I just finished reading Mark Buchanan’s new book Your Church is Too Safe. My view of the book is different from when it first came in the mail from Zondervan for me to review. When I first received the book I liked the cover, thought the concept was catchy but honestly figured that this would be a book that I would skim, gather a few nuggets and move on with life and ministry. If I’m being honest, this is what most books written to challenge and reinvigorate the church end up doing in my life. I learn a principle or two, I appreciate them, I assimilate some of the thoughts into my life and ministry, and then I move on. That is what I expected to get in Buchanan’s new book.
Sitting here on the other side of Your Church is Too Safe I must confess that the Lord is using it to really shake me up to the core. It’s something the Lord has been doing for awhile but something about this book served as a dagger to rip open my heart. And I think that is what Mark wanted to do. He wants pastors and church folk like me to read this book, be torn to shreads, and then stare over our congregation and community and ask—“what the heck am I supposed to do now”? You won’t find a cookie-cutter answer in this book. But I think you’ll find Jesus and that’s enough.
For those that have read a good amount of these type of books the first few chapters may not be anything all that new—at least they weren’t for me. They are good reminders that we are called as believers to love and reflect the love of Christ. We are called to bring the kingdom of God to bear on the communities that God has entrusted us with. I was in basic agreement but nothing really slapped me across the face.
Then I read what may be the nerdiest chapter in the book: Going to Mordor. The whole thing is an analogy using Lord of the Rings to show the difference between fellowship in the midst of battle and fellowship outside the battlefield. It’s different and meaning fellowship really only happens in the midst of battle. Something about this chapter sparked that part of my heart that God has been kicking around for a few months. From this point forward I was hooked. Some chapters are better than the others but all of them use Scripture to remind believers that church (living out the Christian life with other believers) is not meant to be safe. It’s messy. It’s dirty. And this is the way of the master.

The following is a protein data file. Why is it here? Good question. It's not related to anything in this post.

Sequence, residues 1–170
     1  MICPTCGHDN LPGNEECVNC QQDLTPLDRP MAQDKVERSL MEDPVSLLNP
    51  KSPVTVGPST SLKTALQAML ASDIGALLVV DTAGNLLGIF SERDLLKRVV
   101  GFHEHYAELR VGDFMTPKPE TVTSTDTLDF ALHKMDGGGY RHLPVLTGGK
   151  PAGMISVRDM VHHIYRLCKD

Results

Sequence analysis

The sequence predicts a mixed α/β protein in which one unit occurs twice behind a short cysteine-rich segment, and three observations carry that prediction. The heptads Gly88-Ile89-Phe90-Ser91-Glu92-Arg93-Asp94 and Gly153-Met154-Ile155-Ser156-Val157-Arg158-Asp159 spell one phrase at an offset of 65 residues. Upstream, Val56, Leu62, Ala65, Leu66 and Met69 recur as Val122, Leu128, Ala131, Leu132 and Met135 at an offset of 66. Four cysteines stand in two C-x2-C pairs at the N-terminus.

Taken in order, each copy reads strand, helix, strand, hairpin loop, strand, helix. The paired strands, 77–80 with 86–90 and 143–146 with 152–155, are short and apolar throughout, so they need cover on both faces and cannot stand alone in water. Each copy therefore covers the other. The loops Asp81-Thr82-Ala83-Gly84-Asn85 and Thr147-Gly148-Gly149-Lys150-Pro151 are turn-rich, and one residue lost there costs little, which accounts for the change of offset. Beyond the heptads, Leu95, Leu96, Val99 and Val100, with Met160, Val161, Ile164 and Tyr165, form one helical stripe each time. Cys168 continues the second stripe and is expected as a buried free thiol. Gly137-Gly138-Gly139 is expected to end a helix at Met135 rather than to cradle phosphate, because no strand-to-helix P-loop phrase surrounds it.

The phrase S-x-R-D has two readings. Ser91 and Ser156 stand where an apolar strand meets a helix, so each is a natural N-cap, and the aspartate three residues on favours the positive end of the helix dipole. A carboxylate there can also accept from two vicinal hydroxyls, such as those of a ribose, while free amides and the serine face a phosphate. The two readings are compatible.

Buchanan is a really good writer. He masterfully weaves biblical stories, personal stories and anecdotes, along with compelling and convicting truths. As I read through this I wanted to pull out my Bible and try to argue with some of the things he was saying. Truth is I wanted to be comfortable. I don’t like to think that about myself but God has used this book alongside a few other things in my life to expose this idol of comfort and safety. I want to talk missions and outreach and Christ-centeredness but I want it to be nice and neat.
Buchanan is biblical. And that’s partly what makes this book frustrating where others fail. Many of the other books in this ilk have weak theology attached to them. They keep me safe, because I can disagree with the theology, point out their Swiss-cheese biblical interpretation, and then throw out the whole book. Buchanan’s book doesn’t really let me do that. I want to try to argue with him but the Spirit within convicts my heart that I’m just trying to hide from what Jesus is really asking of my life.
There is much in this book that leaves me unsettled. There is much that leaves me asking “what does this mean for ______?” What does a church do when you have limited resources and people that it seems genuinely do not want help but just want to milk your church continue asking for help? What do you do when you’ve counseled somebody hundreds of times and it seems like they just want “counsel” for some reason other than actual life change? I wish Buchanan would have answered some of these questions, but at the end of the day I’m glad he didn’t. I’m glad because I know myself. I would have tried plugging in a formula. Where it stands now I’m just left to pour over Scripture, pray, and get to know more deeply the heart of Jesus. That’s a better place. I can’t help pastor a church that’s not too safe without the Master guiding our steps, and that’s a good place to be.
Should You Buy It?
If you want to stay safe and comfortable I would stay away from this book. It’s kind of like David Platt’s Radical but there is something about this book that brings about a different experience. I loved Platt’s Radical and I also found this book very helpful. If we are honest all of our churches are too safe. You may not rush to the store to buy this book because few people like to be made uncomfortable, but I really think it is needed and you should certainly try to get your hands on this book.
Also feel free to check out some of the other reviews that are part of the Engaging Church: Your Church is Too Safe blog tour.